The Convention on the Elimination of all Forms of Discrimination Against Women (CEDAW) is an international treaty adopted in 1979 by the United Nations General Assembly. It is described as an international bill of rights for women.
Yesterday, Pakistan submitted it 5th periodic report to the CEDAW committee at the 75th session of UN Convention against Elimination of all Forms of Discrimination against Women. The submission was followed by a review of Pakistan’s obligations under the Convention.
Pakistan ratified CEDAW on 12th April 1996. with a declaration making the compliance subject to its Constitution and a reservation under article 29 para 1.
CEDAW raised a question on the legitimacy of alternative ways of dispute resolutions other than the ones on judicial and legal grounds, yet, they are practised in Pakistan. In actuality, they are customary practices that usually expect women to be compromising & flexible.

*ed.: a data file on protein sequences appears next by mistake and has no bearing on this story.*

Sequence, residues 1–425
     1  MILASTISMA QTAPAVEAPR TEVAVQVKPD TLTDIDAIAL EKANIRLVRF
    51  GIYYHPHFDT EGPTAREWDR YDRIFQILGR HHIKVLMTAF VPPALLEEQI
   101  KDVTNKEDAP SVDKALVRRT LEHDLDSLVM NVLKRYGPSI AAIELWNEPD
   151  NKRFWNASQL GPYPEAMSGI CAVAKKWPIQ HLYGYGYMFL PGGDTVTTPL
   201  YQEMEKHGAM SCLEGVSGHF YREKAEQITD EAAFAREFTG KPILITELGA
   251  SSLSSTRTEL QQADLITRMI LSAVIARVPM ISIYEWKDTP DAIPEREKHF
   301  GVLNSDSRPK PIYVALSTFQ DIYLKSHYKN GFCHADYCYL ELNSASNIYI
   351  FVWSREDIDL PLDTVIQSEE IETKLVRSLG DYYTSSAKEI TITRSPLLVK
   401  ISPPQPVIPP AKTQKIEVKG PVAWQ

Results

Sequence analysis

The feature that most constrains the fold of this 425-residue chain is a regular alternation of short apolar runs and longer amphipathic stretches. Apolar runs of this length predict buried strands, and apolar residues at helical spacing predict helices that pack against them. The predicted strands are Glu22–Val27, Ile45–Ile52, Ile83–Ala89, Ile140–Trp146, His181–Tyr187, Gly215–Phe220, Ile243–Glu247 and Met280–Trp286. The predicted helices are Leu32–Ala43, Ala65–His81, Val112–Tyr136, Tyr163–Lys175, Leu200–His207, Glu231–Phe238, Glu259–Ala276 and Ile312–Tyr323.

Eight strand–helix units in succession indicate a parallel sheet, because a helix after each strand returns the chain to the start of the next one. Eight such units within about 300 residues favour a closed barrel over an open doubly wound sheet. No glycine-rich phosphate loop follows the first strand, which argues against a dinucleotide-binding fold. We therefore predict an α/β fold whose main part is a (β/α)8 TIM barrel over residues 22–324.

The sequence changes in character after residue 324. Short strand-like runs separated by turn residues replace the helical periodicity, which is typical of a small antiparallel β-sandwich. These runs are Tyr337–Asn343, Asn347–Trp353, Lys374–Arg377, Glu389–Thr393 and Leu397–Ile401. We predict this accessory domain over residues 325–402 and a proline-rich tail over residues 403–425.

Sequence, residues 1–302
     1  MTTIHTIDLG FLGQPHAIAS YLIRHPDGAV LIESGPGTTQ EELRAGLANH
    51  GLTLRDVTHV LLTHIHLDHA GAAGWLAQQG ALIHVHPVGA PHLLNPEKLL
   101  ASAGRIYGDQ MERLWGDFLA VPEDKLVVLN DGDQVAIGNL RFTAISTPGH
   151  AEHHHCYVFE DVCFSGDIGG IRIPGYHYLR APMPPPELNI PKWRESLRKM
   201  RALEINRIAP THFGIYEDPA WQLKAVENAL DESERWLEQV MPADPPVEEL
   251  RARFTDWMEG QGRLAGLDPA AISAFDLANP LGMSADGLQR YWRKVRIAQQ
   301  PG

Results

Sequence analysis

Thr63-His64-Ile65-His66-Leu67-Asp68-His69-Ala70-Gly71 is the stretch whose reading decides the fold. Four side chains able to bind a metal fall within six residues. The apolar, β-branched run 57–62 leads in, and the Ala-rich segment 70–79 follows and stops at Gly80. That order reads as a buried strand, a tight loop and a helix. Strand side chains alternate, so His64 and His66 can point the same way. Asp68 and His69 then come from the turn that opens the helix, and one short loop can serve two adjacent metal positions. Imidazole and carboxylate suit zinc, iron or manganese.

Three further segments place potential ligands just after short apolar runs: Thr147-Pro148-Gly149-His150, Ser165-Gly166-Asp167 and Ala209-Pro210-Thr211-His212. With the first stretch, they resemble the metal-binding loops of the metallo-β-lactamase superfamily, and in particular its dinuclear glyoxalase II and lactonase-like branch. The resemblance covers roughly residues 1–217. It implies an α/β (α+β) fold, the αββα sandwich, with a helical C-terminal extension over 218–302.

Rabiya Javeri, Federal Secretary for Human Rights, highlights the passing of maternity and paternity leave bill in Senate in the opening statement at CEDAW committee, however, it’s fate at NA is not discussed. Pakistan is still a long way from parental leave and benefits. Moreover, Joint Secretary of Ministry of Human Rights Mr Malik Kamran Azam Khan Rajar stated that under Article 26 of Constitution of Pakistan state is empowered to provide special measures for women and children. Article 34 guarantees full participation of women in all spheres of national life. I am super glad while writing that the Government of Pakistan has become the first country in the world to include a legally recognized Transgender woman, Ms Aisha Mughal, in its National Delegation at the UN CEDAW Committee in Geneva, Switzerland
Pakistan making history by having the first transgender woman as part of the state delegation for #CEDAWPak.